We had a speaker at our writers' group last night--Kathleen Grissom, author of The Kitchen House. This was the second time Calvin and I had the pleasure of hearing her speak--"the pleasure of," such a trite phrase yet so apt in this instance. Kathleen is that rare person who exudes an inner peace, a calmness in this tumultuous world. One can't help but feel the honest and sweet pull of her gentle spirit.
Kathleen shared snippets of her long trip to publication: agents who asked to read her full manuscript and then did not respond for a year; agents who exhibited an over-abundant dose of "major attitude"; a literary agency that signed her, giving her account to an agent who after many months claimed she'd never received the manuscript; and those endless rewrites that plague all writers. Through it all, Kathleen never gave up. She hung in there because she believed in her book and the story it told.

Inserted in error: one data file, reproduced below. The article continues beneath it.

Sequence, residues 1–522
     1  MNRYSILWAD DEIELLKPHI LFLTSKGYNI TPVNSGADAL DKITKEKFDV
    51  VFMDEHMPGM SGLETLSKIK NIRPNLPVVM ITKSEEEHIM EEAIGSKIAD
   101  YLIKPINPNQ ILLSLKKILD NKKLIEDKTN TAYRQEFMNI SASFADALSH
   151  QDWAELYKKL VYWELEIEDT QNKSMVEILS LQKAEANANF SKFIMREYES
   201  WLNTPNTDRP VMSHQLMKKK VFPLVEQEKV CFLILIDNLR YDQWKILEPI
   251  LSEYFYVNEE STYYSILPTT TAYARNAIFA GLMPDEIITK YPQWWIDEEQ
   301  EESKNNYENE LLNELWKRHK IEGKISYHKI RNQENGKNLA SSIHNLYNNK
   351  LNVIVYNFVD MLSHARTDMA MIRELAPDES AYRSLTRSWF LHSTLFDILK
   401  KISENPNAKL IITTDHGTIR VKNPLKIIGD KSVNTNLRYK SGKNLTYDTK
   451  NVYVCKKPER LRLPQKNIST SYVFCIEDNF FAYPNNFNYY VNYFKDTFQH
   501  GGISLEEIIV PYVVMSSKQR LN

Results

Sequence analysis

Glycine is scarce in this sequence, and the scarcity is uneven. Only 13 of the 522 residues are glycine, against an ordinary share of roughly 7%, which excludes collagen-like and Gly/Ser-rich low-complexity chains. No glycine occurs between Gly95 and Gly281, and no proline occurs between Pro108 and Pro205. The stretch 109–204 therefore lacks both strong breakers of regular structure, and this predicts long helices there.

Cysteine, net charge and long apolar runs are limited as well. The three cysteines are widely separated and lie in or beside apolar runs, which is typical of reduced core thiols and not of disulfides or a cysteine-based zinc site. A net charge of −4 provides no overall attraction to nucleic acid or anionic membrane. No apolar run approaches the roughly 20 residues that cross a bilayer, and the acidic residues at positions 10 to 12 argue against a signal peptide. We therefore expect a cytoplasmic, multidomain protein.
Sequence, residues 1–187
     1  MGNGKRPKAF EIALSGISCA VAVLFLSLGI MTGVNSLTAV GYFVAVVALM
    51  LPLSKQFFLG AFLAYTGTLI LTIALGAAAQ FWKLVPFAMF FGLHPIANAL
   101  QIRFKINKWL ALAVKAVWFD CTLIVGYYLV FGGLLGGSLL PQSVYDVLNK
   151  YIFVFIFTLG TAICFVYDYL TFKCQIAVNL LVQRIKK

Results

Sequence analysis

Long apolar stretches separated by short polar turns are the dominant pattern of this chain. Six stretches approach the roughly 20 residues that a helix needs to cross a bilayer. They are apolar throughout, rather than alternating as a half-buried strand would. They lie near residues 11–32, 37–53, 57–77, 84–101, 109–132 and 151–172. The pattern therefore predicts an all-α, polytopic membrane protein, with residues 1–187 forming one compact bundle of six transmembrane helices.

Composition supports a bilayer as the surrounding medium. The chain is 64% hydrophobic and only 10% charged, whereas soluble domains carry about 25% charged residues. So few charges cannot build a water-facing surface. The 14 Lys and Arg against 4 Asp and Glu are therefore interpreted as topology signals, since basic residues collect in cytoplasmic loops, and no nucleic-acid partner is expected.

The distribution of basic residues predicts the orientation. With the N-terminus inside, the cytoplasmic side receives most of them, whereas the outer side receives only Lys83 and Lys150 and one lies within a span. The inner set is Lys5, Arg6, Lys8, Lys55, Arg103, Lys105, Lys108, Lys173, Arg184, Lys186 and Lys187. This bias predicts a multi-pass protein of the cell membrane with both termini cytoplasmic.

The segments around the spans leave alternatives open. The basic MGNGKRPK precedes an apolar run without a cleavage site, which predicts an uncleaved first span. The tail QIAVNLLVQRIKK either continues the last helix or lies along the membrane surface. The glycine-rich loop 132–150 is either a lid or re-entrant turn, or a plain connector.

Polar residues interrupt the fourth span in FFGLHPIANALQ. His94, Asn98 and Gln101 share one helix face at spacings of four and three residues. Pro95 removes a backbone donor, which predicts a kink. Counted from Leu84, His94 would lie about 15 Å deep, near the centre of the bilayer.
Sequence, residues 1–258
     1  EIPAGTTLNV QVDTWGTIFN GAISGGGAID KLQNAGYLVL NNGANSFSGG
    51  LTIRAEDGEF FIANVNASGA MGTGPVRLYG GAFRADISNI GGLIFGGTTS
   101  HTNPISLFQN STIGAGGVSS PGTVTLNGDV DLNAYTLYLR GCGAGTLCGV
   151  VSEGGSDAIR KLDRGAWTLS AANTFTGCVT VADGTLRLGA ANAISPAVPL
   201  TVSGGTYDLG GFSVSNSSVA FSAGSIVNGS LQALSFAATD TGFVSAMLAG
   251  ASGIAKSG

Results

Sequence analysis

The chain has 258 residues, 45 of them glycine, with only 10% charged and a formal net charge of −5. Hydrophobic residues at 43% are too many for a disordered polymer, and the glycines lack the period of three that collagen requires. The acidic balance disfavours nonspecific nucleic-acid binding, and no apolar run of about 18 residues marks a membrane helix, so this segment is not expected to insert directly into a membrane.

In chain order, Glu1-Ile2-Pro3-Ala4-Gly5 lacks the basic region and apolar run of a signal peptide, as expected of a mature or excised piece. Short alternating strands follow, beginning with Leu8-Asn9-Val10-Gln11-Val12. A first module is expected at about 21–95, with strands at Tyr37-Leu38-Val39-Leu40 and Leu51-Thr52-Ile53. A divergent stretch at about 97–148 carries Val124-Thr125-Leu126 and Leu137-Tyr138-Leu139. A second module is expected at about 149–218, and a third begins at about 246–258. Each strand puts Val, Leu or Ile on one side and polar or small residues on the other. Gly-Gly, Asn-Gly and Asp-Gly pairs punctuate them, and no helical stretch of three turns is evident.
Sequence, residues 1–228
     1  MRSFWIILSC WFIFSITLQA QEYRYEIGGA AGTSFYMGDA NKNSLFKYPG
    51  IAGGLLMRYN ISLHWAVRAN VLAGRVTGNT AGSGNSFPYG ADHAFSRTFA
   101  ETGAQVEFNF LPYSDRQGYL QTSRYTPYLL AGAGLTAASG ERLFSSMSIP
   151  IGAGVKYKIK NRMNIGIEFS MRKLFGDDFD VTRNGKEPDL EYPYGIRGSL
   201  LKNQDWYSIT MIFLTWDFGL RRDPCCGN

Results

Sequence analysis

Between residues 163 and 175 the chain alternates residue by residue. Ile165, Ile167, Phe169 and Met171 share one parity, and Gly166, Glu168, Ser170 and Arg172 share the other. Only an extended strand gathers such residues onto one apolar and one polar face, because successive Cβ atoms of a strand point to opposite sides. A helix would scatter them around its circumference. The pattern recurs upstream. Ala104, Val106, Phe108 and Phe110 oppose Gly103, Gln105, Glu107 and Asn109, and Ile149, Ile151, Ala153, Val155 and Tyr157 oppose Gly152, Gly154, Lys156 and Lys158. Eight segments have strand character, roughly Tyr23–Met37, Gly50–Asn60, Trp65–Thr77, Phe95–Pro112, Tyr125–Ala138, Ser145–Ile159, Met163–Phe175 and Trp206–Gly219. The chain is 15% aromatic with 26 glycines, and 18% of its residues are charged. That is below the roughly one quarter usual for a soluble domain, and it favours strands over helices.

I've read The Kitchen House, finding it rich with slave narratives. Each chapter is written either in the voice of Lavinia, the white indentured servant, or Belle, a slave. One is quickly drawn into the lives and thoughts of these multi-layered characters. We are privy to the workings and lives of slaves in an honest and compelling way. As a lover of history, I enjoyed the benefits of Kathleen's meticulous research. Put this book on your "must read" list for the summer.